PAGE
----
Seconds after I revealed this to Liz, she said the same. I can only assume that she’s naturally lazy, and laziness is now a communicable disease. Thanks Liz.
It’s the work. We’re both still very much involved in the physical part of the painting business, as well as the project management and supervision, and then nights and weekends we spend our time doing what we can to keep everything moving forward – papers signed, certificates faxed, emails emailed, marketing marketed, accounting accounted. This makes our typical day begin at roughly 8:30am, pause for a few moments at 5:00 to catch our breath, and then dive into the mental strain for another 4 to 5 hours. I barely have the energy to remember to politely ignore the subway panhandlers instead of shooting them the kneejerk “your life is so much easier than mine, and you know it, and you know that I know it, and you know I can’t say that out loud, and I hate you for it” look.
“Free time” is quite different for us too, compared to the rest of the working middle class. Any time not holding a paint brush, clipboard, or mouse is devoted nearly exclusively to as horizontal of a position as we can manage, depending on the situation (too easy...moving on...). I have slept in my office twice in the past year. Liz started to laugh at me when I told her this, but lost consciousness midway through her third cackle.
It’s starting to affect our weekly admin meeting time too. This past Saturday’s meeting we talked about sleeping in bed for the rest of the day for a good 10 minutes, neither of us eager to get to the task at hand. And somehow our quarterly goals transitioned from a measurable dollar amount to a measurable REM count.
Oh yes, and I’d also like to bike 12,000 miles – no problem, right?
It’s been about a week since I’ve been able to document anything about the trip, basically because when I do have time, even the thought of typing wears me out. It’s two things: time and energy, not nearly enough of either. I’m still so wrapped up in running the business, reliant upon it as a steady income, that I’m so exhausted at the end of the day. I eat as healthy as I can on the go, which is a lot better than just a few years ago in college, but it’s nowhere close to what I know I should be eating (organic, raw, etc.).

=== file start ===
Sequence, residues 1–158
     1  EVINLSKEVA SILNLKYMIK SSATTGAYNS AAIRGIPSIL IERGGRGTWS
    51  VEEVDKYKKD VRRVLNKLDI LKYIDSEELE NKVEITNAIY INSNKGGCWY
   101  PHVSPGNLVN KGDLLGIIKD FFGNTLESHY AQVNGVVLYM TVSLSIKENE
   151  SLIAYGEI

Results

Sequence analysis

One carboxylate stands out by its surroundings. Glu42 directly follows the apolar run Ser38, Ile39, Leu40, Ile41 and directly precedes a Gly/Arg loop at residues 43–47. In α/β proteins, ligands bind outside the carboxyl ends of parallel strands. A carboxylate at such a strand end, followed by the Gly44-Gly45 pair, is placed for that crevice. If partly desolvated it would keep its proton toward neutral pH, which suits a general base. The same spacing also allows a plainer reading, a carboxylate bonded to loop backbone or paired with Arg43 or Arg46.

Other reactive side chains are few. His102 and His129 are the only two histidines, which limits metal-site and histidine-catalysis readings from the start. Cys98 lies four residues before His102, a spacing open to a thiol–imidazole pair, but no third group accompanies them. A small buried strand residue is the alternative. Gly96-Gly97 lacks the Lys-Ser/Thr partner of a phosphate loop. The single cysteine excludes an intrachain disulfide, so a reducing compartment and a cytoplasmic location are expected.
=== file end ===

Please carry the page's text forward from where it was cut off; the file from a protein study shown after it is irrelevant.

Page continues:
So, I’ll be focusing on the things on my trip’s pre-planning to-do list that will directly address these, and put them before everything else right now:
1. Remove myself from the business ASAP, putting my income on autopilot
2. Wean myself off my current diet toward a raw-foods only one.
3. Begin regular exercise regimen.
This should take care of both problems: the time from the business, and greater energy from the diet and exercise. I’ve been through a liver/gall bladder cleanse before too, and I remember a giant boost of energy after that, so I’ll add that to the list as well:
4. Undergo 14-day gall bladder/liver cleanse
Case in point: Yesterday (Sunday) I woke up at 11:30 - SUPER late for me, usually a 7:30/8:00 riser – plus, I couldn’t find the willpower to move from that spot for another 2 hours. When I finally did, every step to the shower felt excruciating, and it took everything I had left not to crawl back in bed afterward. I remember triple-all-nighters in the architecture studio that were easier to deal with than my current 11 hours of rest.
I had to visit the corner store pusher man. Oh yes, my blood-coffee content is about .08 these days, requiring a refill at least every 3 hours…I know, I know, it’s just making things worse…but there’s…just...so...much...to do…
And that’s how an hour later I found myself running across thousands of pounds of steel toward Brooklyn during a lightning storm. I’m lucky I live in a country that doesn’t believe in natural selection.
Soho to Brooklyn and back, across both bridges, literally through pouring rain for the final 20 minutes. And to depart from the sardonic narrative for a fragment of a sentence – it was fucking awesome. I’ve always had more fun dodging taxis on my bike than moving 6 feet over to the bike lane, so I felt right at home running in conditions any salient homo-sapien would have justified as gym-worthy.
I was able to sustain enough energy afterward to do my skanky laundry and get some groceries, that the decision was made…Sundays, Tuesdays, and Thursday mornings I would run in the mornings, until I got a new bike.
As a side note, I was able to check out Olafur Eliasson’s waterfall under the Brooklyn Bridge, as suggested by a client:
Clearly a dangerously insane man.
The structure is supposed to mimic the scaffolding you see on the streets every other block -- because that's what every New Yorker wants to see more of, of course. Maybe it’s because I grew up very close to ‘nature’, or that I’ve been to Niagara, but I thought it was pretty lame, at least the one (of four) that I saw, despite Olafur's esoteric spatial-temporal claims of impressiveness. Plus, it’s strategically placed where no one visiting the city on the famed bridge can get access to it, as was the intrigue of the “Gates” in Central Park a few years ago. There’s a much cooler one at Sutton Place Synagogue on E. 51st St I discovered recently:
The picture doesn't do it justice, it's huge up close. One of the few spots in the city that traffic noise is completely drowned out while still all around you. Pretty eerie, like crossing the Hudson to visit the other "New Yorkers"... (so which part of Manhattan did you say Hoboken is located?).